Defying Gravity Week 2

November 12, 2017 Speaker: Matt Benton Series: Defying Gravity

Passage: Luke 15:11–15:32

10.29.2017      Defying Gravity 2: Breaking Free

Scripture: Luke 15: 11-32

 

In the late 80s and early 90s there wasn’t a bigger, more larger than life, more awesome and terrifying athlete than Mike Tyson. I was not old enough to fully appreciate Mike Tyson the boxing phenom, but in college I played a lot of Mike Tyson’s Punch Out, a Nintendo game, and that alone showed me how amazing and unstoppable he was in his prime. He set a new standard for fame for a boxer and set new highs in earnings. Through fight winnings, through endorsements and other business ventures Mike Tyson earned over $400 million in his career. It was an amount unprecedented for a boxer and showed is representative of his cultural stature during his peak.

 

For many of us in this room $400 million is set for life money. Check that: for all of us in this room $400 million is set for life money. That’s more than set for life money. That’s I’m set for life, my kids are set for life, my grandkids are set for life money.

 

And so it was very surprising, dare I say shocking, that in 2003 Mike Tyson filed for Chapter 11 Bankruptcy. That massive $400 million sum had been depleted. He had no way to cover his debts. He was in financial ruin.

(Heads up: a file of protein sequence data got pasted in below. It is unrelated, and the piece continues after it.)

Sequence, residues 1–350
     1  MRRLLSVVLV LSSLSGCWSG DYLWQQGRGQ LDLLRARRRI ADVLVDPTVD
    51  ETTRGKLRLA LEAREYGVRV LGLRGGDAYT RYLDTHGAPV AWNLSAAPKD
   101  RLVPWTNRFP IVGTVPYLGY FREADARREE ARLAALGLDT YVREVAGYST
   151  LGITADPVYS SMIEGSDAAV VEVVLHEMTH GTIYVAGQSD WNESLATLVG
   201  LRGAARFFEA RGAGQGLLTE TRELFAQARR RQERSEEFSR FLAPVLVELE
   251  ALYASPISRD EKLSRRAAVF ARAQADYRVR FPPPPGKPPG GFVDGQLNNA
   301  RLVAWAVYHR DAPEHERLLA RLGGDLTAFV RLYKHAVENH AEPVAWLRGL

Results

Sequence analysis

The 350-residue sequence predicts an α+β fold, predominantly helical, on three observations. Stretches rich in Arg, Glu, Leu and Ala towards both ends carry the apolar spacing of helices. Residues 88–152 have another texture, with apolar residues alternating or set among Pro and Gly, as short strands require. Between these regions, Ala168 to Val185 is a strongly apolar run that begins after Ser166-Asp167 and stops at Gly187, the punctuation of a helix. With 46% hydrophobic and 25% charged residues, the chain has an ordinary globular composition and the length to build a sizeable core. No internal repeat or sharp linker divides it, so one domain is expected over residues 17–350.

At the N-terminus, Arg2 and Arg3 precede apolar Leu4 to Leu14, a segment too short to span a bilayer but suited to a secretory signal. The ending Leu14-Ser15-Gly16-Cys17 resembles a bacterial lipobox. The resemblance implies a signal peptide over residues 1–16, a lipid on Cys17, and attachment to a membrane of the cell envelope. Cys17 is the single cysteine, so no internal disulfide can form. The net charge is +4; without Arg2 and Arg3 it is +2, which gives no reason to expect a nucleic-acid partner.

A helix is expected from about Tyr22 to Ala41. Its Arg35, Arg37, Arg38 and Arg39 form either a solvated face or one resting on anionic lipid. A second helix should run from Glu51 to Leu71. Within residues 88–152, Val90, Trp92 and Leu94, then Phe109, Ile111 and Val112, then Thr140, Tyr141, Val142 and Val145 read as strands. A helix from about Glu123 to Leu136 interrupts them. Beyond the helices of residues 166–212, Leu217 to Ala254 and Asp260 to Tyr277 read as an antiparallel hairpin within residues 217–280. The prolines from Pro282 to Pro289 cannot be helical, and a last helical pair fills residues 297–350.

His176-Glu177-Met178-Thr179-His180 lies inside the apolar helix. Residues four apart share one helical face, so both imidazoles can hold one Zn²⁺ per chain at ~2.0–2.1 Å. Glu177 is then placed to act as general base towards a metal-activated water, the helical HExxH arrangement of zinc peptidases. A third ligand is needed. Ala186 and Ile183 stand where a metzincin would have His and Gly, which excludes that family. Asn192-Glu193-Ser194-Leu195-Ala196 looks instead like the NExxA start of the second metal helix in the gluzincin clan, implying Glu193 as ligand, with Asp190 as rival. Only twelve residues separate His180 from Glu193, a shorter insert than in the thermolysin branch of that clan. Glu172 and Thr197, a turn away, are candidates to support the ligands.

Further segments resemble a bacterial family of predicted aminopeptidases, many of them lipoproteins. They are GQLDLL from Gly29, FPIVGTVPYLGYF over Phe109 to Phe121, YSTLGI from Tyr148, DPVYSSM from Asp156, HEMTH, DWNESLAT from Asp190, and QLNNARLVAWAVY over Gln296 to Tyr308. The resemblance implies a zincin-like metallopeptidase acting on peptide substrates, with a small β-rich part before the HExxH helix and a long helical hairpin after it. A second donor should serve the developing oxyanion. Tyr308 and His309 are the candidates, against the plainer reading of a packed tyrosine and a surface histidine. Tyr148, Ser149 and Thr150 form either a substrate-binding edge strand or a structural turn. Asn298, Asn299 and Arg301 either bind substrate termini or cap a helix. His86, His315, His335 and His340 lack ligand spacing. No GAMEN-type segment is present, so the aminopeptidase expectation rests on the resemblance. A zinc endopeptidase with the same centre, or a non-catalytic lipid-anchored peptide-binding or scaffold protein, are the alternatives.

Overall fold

Then came the stories about the financial extravagances of Tyson’s lifestyle. Mansions. Jewelry. Diamonds. Gold. Tigers. Tyson had been blessed with immense talent that he had used to accrue a vast amount of wealth. That he had squandered. I remember hearing that story and being completely and utterly shocked.

 

In 2012, ESPN aired as a part of their 30 for 30 documentary series a look into how athletes can spend and lose such vast sums of money. Entitled “Broke,” the episode showed how money is not as secure as we might think and how the culture of more can impact those with more money even greater.

 

There’s a familiar story in the Bible that outlines this issue, that shows how the pull of financial gravity can lead to not just financial ruin, but to ruin our lives and souls and well-being. We are going to look at the story of the Prodigal Son. Since it is such a familiar story, I’m going to walk us through it and break in here and there to offer some comments.

 

Luke 15:11-32

Jesus continued: “There was a man who had two sons. The younger one said to his father, ‘Father, give me my share of the estate.’ So he divided his property between them.

 

I don’t know what I find more outrageous about the start of this parable: that one son came to his father and said give me my share of the inheritance, while the father was still alive, or that the father gave it to him. Both are crazy. Can you imagine a son going to his father and saying, he dad, you’ve had a great run, but frankly I’d planned on you kicking the bucket a few years ago and can’t wait any longer to get what’s coming to me, ya know, like sometime soon. So um, can you hook me up, cause I’d like to just be done with this family. That’s what the younger brother is saying. But what might be even crazier, the father gives him the money. I can’t imagine ever going to my dad and saying, hey since some of the value of this house will be mine some day can you take out a home equity loan and just hook me up now, but even if I did that, I’m not sure my dad could say no faster than if I asked him to eat spinach. My dad’s a picky eater. So that makes sense. Cause he’d say no real quick to eating spinach. Just like he’d say no to giving me a quarter of his house’s value now.

 

But strange as it seems, the father does indeed give his son his share of the inheritance. And our story continues.